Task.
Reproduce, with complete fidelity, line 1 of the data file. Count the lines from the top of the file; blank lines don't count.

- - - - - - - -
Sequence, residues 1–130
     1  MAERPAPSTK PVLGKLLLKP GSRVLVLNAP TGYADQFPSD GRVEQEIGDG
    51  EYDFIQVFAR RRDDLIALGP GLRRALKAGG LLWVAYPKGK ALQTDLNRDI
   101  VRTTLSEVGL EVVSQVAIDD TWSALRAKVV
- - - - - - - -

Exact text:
Sequence, residues 1–130